Artificial Intelligence (AI) is deemed to be one of the biggest technological innovations of this decade. However, like with all innovations, we must focus on fundamental applications first before we quite literally reach for the stars. AI has huge potential for wireless networks and for the people that must protect them, as well as those who try and attack them. So how will AI come into play this year and how will it shape the future?
The reality is AI can or will — at least theoretically — at some point exceed humans’ capabilities, which makes it simultaneously exciting and terrifying. As it stands, AI is far from becoming truly ‘artificially intelligent’ and has a long way to go in developing both emotional and logical intelligence beyond data analytics.
Cybercriminals are always quick to exploit the latest in technology and AI is no exception. We are already facing a cybercrime pandemic and this will worsen during 2019 as cybercriminals become more sophisticated and organised. Cybercrime is no longer the domain of lone hackers, it has become a huge business with sophisticated operating models and low barrier to entry.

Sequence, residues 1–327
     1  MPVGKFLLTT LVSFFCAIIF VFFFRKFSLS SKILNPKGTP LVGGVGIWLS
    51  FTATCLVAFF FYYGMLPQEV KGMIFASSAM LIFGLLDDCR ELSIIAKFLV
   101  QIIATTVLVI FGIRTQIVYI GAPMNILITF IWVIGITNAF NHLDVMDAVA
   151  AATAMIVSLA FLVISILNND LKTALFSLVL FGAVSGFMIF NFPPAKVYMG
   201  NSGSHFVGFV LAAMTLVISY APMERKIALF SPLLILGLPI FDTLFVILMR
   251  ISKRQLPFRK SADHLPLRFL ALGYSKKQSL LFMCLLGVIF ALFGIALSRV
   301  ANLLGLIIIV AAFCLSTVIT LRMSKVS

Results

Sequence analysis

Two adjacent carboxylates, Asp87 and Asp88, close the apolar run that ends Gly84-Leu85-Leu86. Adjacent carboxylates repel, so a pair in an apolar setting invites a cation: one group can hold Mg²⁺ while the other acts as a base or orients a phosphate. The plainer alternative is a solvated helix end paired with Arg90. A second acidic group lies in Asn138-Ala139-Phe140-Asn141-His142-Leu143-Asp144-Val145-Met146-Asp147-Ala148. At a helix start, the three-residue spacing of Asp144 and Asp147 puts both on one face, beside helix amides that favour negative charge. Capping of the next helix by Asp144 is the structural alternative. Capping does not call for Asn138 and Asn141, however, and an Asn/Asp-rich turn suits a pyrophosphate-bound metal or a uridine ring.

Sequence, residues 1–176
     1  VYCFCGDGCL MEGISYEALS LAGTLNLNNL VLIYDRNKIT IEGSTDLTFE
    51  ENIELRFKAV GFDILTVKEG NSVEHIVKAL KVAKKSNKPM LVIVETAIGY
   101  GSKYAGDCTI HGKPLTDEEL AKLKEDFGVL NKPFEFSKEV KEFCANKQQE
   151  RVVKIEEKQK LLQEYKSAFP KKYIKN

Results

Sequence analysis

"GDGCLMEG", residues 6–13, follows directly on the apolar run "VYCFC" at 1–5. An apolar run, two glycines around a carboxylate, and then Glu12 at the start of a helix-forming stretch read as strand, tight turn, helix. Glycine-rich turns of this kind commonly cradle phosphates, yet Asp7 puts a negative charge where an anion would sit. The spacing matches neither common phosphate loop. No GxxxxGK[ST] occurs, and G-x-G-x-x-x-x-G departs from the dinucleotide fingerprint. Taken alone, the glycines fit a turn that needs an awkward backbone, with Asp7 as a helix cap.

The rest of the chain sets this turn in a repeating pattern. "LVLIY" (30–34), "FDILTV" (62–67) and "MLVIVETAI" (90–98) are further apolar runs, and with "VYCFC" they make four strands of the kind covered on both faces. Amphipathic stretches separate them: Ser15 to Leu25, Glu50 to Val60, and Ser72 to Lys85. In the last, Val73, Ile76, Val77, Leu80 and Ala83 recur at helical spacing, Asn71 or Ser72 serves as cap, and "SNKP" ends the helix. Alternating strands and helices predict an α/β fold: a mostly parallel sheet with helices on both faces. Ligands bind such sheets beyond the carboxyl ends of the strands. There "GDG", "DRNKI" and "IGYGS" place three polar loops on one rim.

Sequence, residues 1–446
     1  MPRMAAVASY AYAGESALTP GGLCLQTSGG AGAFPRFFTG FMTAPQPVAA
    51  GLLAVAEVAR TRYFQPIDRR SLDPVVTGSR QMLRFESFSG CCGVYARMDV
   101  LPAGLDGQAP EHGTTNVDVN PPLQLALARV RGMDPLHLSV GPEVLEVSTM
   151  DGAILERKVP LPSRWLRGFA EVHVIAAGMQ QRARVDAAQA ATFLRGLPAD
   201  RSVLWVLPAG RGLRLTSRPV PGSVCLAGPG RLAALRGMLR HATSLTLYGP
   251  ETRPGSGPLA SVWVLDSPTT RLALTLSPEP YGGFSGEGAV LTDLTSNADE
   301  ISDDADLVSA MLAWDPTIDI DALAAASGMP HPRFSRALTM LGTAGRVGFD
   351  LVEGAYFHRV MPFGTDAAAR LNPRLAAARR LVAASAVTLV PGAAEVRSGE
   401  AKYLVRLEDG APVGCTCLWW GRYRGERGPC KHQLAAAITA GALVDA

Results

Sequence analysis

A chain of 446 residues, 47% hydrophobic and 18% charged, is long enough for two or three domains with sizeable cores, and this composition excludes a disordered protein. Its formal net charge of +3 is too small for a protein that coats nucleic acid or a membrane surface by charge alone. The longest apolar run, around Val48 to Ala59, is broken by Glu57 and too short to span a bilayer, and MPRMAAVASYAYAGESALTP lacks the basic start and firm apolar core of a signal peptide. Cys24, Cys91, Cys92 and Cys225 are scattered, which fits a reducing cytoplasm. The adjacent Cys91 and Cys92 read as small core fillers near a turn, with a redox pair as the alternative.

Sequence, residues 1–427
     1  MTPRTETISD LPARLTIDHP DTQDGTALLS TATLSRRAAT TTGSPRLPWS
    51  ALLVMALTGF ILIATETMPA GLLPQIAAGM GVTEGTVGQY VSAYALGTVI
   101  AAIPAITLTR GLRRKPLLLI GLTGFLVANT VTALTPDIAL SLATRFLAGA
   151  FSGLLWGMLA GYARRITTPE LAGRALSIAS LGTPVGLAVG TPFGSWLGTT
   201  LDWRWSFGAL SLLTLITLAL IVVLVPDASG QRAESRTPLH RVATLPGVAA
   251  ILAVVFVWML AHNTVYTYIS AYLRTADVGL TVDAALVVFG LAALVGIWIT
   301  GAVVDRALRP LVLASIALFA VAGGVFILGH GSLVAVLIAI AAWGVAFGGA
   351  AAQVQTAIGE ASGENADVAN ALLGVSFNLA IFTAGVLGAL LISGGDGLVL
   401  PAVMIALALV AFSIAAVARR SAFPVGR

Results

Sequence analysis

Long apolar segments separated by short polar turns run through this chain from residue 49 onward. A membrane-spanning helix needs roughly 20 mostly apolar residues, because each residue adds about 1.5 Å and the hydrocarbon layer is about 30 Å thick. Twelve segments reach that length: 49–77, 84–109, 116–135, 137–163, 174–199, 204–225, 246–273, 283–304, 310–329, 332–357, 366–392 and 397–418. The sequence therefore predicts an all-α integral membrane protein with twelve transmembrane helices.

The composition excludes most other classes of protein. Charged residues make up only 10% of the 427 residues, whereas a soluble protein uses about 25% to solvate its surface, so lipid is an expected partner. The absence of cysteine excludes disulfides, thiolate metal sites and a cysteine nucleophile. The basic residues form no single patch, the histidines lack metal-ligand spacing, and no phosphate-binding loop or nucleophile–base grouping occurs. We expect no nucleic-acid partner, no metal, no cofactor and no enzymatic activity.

The organisation of cybercrime is now so extensive that wannabe cybercriminals don’t have to be technical experts. AI allows them to use very targeted, automated tools and these may even learn as they go, getting incrementally better at causing harm. It’s becoming more common for malware to contain nasty surprises such as sleep timers that cause it to open minutes or even days after the file has been declared safe, or the ability to detect and respond to mouse movements.
Small and medium-sized businesses (SMBs) with limited security resources are likely to be most vulnerable. However, everyone is at risk as AI-powered crypto-viruses and other forms of malware proliferate and are deployed with pinpoint accuracy.
AI warfare, which is effectively industrial or political espionage, or competitive intelligence gathering enacted by computer intelligence, is another rising threat. Even the German parliament has fallen victim to this. The implications for AI warfare between businesses are substantial and 2019 is likely to see many ramp up their cybersecurity arrangements to combat it.